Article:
________________________

Kayur V. Patel, MD, MRO, FACP, FACPE, FACHE, FACEP
KayurVPatel@ExpertWitness.MD

$500,000 Damages For Missed Melanoma

A jury in the Palm Beach Circuit Court has ruled that a pathologist from the West Palm Beach area was liable to pay $500,000 in damages after failing to detect melanoma (a cancer of the skin) in a patient…law.com, Patient Claims Pathologist Missed Melanoma Diagnosis, 2020

James Clyde, a resident of WPB, underwent a biopsy in June 2014 and the interpreting pathologist, Dr. Jefferson Morgan, concluded at the time that the results were negative. However, after 20 months, cancer was detected in the same area that had been tested in 2014. Subsequent to this, James Clyde sued the pathologist Morgan, alleging that he misread the biopsy back then and this had caused at least a 20-month treatment delay that could have otherwise saved him the mental and physical suffering and treatment expenses.

The defense, on its part had contended that the biopsy was appropriately read and that Clyde’s cancer was such that it was difficult to detect at the time. But the jury sided with Clyde and awarded damages of $500,000.

________________________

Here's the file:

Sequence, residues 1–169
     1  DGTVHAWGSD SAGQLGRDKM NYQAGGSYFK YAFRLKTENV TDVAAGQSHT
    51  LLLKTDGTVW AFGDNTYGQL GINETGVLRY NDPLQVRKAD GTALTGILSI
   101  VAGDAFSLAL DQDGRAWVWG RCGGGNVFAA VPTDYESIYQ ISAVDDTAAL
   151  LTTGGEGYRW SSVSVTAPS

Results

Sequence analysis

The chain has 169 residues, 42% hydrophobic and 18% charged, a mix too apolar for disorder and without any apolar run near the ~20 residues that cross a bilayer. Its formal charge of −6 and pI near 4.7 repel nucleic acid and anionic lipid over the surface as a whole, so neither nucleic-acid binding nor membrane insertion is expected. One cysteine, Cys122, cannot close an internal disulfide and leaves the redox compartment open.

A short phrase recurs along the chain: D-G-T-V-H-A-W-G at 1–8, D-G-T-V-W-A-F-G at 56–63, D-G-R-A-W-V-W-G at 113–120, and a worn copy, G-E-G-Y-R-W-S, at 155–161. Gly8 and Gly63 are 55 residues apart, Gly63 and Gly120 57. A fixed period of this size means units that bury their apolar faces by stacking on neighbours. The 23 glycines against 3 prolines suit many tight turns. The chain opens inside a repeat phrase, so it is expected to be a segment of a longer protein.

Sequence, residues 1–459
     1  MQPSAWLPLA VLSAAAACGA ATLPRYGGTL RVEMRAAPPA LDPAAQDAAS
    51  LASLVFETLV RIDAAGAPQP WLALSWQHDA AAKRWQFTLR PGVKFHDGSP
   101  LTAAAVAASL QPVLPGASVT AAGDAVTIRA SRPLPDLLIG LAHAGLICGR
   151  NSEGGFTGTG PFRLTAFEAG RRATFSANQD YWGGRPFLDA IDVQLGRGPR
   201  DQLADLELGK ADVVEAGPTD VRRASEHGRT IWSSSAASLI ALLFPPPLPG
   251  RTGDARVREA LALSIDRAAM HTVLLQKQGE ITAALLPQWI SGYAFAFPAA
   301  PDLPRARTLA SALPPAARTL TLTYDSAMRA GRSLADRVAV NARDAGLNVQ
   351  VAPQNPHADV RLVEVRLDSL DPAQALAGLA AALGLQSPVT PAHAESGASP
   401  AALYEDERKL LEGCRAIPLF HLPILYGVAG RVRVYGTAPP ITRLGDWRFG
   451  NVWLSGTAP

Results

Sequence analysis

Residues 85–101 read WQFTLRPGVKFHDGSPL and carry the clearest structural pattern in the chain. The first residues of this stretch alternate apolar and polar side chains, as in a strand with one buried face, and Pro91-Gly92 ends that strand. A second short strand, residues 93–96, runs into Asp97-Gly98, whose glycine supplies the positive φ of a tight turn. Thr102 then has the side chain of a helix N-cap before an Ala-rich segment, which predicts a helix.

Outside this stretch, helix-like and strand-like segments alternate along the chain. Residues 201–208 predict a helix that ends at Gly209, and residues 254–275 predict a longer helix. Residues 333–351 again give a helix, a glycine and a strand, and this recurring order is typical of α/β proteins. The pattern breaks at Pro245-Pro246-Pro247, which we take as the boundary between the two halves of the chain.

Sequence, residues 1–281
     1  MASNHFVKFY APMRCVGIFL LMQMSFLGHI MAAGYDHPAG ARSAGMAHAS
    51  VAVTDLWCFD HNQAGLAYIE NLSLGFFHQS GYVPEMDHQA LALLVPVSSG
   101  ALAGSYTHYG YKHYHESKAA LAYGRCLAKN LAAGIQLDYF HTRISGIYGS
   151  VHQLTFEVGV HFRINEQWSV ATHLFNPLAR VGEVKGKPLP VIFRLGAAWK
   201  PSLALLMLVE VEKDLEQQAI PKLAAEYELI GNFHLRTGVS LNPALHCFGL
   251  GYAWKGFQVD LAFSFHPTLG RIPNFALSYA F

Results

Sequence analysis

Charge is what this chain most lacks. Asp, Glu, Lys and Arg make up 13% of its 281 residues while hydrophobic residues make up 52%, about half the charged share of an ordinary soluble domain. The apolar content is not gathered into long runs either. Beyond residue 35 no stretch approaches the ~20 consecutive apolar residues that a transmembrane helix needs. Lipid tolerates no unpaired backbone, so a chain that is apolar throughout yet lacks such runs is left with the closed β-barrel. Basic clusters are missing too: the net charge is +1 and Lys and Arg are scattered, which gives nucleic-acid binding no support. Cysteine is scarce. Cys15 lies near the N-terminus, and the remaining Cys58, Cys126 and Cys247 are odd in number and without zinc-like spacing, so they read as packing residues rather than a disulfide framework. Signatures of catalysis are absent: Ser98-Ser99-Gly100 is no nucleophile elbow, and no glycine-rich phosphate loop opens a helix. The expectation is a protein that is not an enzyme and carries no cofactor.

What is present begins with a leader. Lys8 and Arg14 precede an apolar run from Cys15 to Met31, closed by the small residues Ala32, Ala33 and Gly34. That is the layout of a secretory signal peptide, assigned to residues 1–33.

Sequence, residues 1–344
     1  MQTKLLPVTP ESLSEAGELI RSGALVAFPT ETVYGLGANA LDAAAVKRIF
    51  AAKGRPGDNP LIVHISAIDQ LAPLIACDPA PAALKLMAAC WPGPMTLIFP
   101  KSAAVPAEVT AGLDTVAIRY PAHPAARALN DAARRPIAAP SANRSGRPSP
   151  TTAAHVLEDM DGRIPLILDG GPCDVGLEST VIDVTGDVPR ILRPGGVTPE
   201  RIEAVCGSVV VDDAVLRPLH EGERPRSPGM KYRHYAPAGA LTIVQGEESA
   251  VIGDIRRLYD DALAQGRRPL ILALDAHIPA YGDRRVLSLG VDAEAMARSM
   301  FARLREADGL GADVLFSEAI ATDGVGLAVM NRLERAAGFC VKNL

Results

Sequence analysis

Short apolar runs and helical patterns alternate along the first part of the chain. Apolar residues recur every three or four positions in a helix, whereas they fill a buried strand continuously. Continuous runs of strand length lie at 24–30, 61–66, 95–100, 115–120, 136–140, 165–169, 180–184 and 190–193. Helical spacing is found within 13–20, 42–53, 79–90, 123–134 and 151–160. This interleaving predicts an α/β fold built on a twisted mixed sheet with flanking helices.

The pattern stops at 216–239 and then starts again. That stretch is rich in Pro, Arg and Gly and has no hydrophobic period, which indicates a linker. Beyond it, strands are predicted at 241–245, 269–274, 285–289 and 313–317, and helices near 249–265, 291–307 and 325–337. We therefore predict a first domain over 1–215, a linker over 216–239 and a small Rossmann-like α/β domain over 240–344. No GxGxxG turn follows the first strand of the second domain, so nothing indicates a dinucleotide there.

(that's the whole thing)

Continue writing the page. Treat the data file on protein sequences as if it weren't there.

Kayur V. Patel, MD, MRO, FACP, FACPE, FACHE, FACEP
KayurVPatel@ExpertWitness.MD

Psychiatric Facility Not Liable for Sexual Assault On Counselor By Patient

The Pennsylvania Superior Court has ruled that a psychiatric facility is not liable for negligence for a sexual assault on one of its counselors by a patient…law.com, Psychiatric Facility Not Liable for Patient’s Sexual Assault of Counselor, Court Rules, P.J. D’Annunzio, 2020

Plaintiff Michelle Grabowski filed a negligence suit against the company, Carelink Community Support Services, on the basis that it was negligent and should be held liable under the Workers’ Compensation Act’s third-party attack and personal attack exceptions.

However, Grabowski has already been awarded $75,000 in workers’ compensation benefits and also received an additional $40,000 from the defendant as part of a compromise and release agreement. The court argued that while passive receipt of workers’ compensation benefits does not necessarily bar a negligence claim, “Where, however, there [is a] final adjudication in a workers’ compensation proceeding that the injury is covered by the WCA, the employee is stopped from claiming that the personal animus/third party attack exception applies.”

________________________

Kayur V. Patel, MD, MRO, FACP, FACPE, FACHE, FACEP
KayurVPatel@ExpertWitness.MD